Those travelling in the train said power went out in some coaches around 5 am, and the train was running at a sluggish pace before coming to a halt near Tundla around 6.30 am.
On Saturday, the train was flagged off by Modi from New Delhi Railway Station at 11.20 a.m.
Slated to begin its first commercial run tomorrow from here, the Rs 100 crore train faced "brake-binding" snag resulting in skidding of the wheel in its return journey from Varanasi.
The train, which was carrying mostly railway officials and journalists, eventually made it to New Delhi where repairs are expected to be made. Between trips the train will be serviced at NR's Shakur Basti DEMU depot in New Delhi.
The train manufactured by Integral Coach Factory in the period of 18 months under "Make in India" program can run up to a maximum speed of 160 kmph, officials said. All other systems of the train have also been thoroughly examined. It's also a reflection of the nation's fractious state that a stone was thrown at the prestigious train while on its speed trials. The train was returning to Delhi after completing a special trip, without any passengers.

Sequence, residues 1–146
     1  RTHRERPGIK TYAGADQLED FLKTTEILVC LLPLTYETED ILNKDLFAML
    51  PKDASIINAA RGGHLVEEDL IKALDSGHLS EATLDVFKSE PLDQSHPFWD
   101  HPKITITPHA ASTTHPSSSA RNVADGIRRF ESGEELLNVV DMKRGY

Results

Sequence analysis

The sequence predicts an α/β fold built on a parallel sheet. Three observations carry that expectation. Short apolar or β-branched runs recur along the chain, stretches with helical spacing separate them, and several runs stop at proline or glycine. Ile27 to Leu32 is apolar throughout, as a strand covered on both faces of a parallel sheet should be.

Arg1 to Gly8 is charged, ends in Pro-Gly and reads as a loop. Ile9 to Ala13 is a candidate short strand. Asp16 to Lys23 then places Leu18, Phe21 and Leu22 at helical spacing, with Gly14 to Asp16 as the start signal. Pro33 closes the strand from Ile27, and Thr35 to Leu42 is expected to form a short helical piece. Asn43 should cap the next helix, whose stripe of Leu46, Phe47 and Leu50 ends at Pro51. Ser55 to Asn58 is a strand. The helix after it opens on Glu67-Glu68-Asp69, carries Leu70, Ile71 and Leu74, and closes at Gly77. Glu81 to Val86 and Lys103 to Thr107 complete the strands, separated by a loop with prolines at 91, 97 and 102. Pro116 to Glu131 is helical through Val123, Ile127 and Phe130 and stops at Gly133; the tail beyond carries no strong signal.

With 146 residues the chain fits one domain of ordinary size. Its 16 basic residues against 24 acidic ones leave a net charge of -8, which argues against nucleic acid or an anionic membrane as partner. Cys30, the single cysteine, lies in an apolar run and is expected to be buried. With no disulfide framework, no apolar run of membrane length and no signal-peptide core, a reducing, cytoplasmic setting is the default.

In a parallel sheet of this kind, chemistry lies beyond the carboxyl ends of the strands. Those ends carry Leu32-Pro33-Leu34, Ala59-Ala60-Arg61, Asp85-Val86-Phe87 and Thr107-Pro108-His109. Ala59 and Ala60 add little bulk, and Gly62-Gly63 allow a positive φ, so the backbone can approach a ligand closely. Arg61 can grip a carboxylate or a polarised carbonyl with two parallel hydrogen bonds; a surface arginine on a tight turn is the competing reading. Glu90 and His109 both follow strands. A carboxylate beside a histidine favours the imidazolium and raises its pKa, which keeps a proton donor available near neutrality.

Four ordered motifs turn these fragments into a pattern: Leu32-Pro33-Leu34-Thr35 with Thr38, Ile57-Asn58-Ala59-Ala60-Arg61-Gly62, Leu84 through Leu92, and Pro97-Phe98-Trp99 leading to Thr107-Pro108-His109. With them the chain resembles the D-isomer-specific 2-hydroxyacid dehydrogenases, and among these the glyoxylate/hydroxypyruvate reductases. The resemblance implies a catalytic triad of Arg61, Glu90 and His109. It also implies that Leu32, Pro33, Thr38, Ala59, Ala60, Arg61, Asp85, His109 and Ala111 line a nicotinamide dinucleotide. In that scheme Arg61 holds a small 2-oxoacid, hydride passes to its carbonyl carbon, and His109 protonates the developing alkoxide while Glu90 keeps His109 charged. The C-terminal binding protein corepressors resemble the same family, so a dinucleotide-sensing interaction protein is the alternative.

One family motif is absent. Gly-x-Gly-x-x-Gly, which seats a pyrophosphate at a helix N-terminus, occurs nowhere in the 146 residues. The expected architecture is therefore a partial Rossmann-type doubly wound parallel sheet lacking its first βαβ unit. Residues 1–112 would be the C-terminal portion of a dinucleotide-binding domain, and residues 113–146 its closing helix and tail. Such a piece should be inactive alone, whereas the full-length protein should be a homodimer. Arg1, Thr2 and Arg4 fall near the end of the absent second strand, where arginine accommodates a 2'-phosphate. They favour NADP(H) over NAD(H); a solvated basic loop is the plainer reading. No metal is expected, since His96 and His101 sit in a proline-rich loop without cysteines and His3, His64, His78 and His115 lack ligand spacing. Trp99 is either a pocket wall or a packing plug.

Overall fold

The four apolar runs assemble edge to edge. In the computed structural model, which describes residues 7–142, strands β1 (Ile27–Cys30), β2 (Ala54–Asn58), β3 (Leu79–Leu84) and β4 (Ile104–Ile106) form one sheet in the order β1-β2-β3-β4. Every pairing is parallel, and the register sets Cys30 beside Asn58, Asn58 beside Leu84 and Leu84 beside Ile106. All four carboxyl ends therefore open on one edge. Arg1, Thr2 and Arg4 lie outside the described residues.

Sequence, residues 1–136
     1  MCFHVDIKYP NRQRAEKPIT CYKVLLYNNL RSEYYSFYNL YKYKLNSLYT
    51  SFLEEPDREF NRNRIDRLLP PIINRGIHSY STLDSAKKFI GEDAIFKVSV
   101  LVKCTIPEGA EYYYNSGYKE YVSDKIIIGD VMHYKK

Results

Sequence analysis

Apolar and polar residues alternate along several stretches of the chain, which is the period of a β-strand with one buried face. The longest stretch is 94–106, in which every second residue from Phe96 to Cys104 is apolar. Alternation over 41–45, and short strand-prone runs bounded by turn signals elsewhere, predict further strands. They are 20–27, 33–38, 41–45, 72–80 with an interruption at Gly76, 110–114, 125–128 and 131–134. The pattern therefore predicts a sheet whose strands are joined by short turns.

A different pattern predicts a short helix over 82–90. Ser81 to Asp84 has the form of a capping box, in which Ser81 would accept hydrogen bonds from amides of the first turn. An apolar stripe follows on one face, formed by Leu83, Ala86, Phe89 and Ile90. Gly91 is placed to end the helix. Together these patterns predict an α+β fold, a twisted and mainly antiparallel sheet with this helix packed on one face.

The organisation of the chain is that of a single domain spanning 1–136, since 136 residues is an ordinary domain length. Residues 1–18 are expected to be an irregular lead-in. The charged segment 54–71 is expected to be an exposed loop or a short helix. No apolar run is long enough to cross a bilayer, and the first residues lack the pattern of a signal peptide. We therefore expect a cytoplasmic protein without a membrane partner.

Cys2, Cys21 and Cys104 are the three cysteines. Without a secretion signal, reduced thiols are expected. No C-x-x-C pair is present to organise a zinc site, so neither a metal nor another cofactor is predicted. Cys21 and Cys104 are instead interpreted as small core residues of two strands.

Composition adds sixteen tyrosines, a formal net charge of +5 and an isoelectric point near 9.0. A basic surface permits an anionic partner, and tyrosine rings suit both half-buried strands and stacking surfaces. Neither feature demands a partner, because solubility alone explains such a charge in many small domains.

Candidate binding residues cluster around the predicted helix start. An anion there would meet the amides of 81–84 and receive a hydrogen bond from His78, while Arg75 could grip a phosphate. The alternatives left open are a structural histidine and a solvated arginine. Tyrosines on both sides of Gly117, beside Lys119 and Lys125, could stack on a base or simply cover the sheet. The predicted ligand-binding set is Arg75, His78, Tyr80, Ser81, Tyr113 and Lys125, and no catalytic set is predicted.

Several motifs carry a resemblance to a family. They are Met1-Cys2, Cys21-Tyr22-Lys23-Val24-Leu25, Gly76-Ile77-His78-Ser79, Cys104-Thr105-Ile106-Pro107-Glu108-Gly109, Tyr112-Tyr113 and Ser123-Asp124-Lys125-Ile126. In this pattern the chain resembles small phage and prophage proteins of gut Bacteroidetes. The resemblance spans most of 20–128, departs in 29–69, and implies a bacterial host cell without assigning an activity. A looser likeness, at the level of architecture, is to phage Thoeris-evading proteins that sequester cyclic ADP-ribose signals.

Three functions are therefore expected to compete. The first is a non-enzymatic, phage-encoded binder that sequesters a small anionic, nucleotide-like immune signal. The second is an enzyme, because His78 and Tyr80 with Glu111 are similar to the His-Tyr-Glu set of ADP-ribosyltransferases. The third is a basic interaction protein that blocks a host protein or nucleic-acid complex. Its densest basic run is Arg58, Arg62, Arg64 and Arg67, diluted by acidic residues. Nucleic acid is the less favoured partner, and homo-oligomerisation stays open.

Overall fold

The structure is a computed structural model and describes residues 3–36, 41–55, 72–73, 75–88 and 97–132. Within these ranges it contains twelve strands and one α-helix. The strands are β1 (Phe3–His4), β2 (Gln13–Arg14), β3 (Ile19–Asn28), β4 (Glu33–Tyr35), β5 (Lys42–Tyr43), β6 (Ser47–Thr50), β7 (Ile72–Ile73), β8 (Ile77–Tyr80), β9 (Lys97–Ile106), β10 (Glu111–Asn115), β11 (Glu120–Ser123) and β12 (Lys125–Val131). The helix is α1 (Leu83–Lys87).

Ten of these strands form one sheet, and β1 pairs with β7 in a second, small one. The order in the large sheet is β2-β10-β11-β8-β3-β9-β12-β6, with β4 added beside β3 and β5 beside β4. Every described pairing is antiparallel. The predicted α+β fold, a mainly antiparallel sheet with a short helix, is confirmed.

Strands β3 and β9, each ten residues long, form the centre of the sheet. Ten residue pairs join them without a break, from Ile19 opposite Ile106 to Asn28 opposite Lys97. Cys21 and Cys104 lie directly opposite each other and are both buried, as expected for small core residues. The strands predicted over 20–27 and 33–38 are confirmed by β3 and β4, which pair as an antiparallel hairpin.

As commercial operations of Vande Bharat Express commence today, tickets are already sold out for the next two weeks.
According to a statement released by India's Railway Ministry on Saturday, there were communication issues between the last four coaches and the rest of the train due to an "external hit".
Vande Bharat express, India's fastest, is set to replace the existing Shatabdi express rakes.
Adding up the green footprints, this fully "Make in India" train has regenerative braking system in the coaches which can save up to 30 per cent of electrical energy. The Vande Bharat Express has a top speed of around 100mph, making it significantly faster than any other train that is now operating in India.